McKinsey Efficiency Report predictions for "non-instructional" savings

  • and, this below, from MMA's indispensible Legislative Bulletin:...
      ...McKinsey’s argument is that there is great variability in the amount of per student spending among school districts of similar size and character. As evidence, it cited Dixmont’s per pupil spending at $7,453 and Chelsea’s per pupil spending of $10,462. McKinsey further argues that there is no correlation in Maine between per pupil spending on “non-instructional” costs and student performance. From these two arguments McKinsey concludes that schools that spend more than average on non-instructional services could reduce that spending without impacting student performance. Thus, it would appear, McKinsey is recommending that the state reduce the amount it provides to schools by reducing the non-instructional components in the Essential Programs and Services (EPS) model.

      Is this reasonable? Without much more detail than was been provided in the McKinsey power point, the validity of this recommendation is difficult to assess. It should be noted, however, that the Legislature and Department of Education spend a significant sum every year in contracts with the University of Maine for the specific purpose of assessing the EPS model. These ongoing assessments of the model are done in order to review the very kinds of issues raised by McKinsey. The Department and the Legislature should either follow the recommendations of those assessments or stop spending money on them.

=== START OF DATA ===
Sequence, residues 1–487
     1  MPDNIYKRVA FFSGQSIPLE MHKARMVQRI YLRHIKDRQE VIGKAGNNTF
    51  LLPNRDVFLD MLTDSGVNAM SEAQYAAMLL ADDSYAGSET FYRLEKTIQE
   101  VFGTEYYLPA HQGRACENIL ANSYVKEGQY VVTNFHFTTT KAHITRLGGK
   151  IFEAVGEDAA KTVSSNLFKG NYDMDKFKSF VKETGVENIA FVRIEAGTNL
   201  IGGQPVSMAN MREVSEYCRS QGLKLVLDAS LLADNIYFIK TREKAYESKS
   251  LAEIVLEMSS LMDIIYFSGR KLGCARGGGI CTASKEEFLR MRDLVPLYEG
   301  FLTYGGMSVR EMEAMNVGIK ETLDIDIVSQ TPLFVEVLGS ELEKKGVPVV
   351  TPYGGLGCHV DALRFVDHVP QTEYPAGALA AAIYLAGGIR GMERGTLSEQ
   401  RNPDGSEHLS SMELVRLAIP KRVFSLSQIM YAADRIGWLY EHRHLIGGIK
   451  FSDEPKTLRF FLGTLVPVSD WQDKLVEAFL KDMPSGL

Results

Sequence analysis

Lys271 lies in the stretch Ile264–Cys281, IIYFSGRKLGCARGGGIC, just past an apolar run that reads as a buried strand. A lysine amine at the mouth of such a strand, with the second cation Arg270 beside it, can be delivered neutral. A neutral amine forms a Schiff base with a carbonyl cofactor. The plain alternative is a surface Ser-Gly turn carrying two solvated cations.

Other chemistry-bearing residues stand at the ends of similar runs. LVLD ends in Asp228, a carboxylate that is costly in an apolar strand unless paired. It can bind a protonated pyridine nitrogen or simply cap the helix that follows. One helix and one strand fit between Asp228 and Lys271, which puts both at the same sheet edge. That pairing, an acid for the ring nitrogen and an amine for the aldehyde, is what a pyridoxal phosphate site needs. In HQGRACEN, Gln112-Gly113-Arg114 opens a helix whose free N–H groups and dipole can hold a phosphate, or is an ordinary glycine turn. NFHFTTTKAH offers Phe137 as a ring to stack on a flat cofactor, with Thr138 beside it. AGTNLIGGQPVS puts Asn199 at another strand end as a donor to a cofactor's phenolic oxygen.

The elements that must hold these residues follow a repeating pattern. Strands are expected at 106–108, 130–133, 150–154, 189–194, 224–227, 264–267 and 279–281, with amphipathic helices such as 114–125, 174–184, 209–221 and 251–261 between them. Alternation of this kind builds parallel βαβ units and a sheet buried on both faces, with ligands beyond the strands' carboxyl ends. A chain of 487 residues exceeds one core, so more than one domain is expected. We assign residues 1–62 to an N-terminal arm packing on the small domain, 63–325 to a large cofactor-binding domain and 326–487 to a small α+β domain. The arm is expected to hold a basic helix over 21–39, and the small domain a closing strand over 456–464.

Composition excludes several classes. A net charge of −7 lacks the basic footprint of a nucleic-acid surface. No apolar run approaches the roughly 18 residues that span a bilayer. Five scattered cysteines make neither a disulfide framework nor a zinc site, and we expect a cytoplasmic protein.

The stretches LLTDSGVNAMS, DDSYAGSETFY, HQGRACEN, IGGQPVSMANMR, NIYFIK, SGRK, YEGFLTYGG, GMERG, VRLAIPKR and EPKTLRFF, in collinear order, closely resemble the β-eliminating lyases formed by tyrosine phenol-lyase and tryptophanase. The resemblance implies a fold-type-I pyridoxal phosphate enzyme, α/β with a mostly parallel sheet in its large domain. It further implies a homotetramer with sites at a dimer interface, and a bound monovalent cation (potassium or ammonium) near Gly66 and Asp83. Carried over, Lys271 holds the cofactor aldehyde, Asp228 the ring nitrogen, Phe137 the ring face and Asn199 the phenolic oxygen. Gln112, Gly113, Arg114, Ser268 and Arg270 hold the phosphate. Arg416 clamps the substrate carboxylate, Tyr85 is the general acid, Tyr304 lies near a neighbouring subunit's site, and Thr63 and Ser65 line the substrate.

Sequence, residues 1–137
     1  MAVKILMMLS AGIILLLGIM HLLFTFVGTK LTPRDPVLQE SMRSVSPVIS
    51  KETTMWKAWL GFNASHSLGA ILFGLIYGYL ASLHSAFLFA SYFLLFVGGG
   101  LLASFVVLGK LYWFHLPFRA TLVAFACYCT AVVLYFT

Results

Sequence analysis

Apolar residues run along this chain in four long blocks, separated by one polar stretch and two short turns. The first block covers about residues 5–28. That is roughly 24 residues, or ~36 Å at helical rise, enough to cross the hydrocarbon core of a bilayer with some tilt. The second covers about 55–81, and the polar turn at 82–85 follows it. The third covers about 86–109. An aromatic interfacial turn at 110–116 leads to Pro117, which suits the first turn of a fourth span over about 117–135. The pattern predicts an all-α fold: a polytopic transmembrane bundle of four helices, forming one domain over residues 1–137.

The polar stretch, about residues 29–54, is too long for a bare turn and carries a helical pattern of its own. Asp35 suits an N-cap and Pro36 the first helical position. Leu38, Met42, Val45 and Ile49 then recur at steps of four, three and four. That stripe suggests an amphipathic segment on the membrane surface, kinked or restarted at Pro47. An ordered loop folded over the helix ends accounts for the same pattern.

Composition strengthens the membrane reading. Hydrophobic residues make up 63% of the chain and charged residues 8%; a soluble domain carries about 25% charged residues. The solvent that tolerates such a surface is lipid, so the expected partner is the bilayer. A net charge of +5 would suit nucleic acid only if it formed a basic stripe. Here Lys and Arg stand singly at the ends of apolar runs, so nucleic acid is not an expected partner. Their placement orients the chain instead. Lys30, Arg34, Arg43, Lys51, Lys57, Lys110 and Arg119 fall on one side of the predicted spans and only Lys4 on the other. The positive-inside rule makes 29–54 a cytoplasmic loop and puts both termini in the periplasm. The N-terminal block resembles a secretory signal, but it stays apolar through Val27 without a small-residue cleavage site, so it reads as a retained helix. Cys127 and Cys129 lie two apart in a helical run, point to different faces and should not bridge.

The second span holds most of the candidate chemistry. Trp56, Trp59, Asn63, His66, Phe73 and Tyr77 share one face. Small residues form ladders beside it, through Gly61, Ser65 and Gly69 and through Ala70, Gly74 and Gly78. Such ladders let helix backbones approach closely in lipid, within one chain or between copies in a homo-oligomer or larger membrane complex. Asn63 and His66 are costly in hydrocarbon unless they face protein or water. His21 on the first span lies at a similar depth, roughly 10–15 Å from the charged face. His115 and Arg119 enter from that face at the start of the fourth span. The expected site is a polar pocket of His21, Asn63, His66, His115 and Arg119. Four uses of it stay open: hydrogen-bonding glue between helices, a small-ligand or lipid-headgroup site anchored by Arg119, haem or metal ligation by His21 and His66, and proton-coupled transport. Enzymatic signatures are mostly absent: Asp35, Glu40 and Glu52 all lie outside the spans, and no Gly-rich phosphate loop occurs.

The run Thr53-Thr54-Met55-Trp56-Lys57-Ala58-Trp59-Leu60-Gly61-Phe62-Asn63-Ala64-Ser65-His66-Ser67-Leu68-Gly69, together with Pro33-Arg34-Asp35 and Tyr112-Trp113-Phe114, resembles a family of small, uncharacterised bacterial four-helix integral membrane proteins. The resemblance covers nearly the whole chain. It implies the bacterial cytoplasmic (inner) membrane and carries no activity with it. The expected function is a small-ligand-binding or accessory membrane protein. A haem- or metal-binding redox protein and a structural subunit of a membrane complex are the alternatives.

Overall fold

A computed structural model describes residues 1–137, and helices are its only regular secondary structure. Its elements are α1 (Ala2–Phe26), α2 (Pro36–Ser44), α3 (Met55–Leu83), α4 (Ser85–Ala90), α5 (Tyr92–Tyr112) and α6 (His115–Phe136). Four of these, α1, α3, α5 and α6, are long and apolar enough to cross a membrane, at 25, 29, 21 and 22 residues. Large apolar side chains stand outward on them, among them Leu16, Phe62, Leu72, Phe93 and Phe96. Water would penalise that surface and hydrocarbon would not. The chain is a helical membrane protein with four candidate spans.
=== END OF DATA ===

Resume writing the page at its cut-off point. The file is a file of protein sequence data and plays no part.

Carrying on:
MMA on State "Savings" from Consolidating Services

"Finally, it is entirely unclear how the state (rather than the municipalities) would achieve “savings” if the assessing service were provided regionally or more towns purchased their fuel through co-operatives. Municipalities receive no support from the state that is related to specific expenditures on assessing or any other municipal activity. The $15- $30 million in “savings” to the state associated in the McKinsey report with municipal administrative consolidation appears to be a self-fulfilling reference to the proposed reduction in municipal revenue sharing."

The phrase "self-fulfilling" applies to the $36 (37?) million the state promised would be saved by consolidating school administration, too. It's similar to the new way RPC/RSUs are supposed to report savings: include the penalties they are NOT paying. An odd accounting notion, to say the least.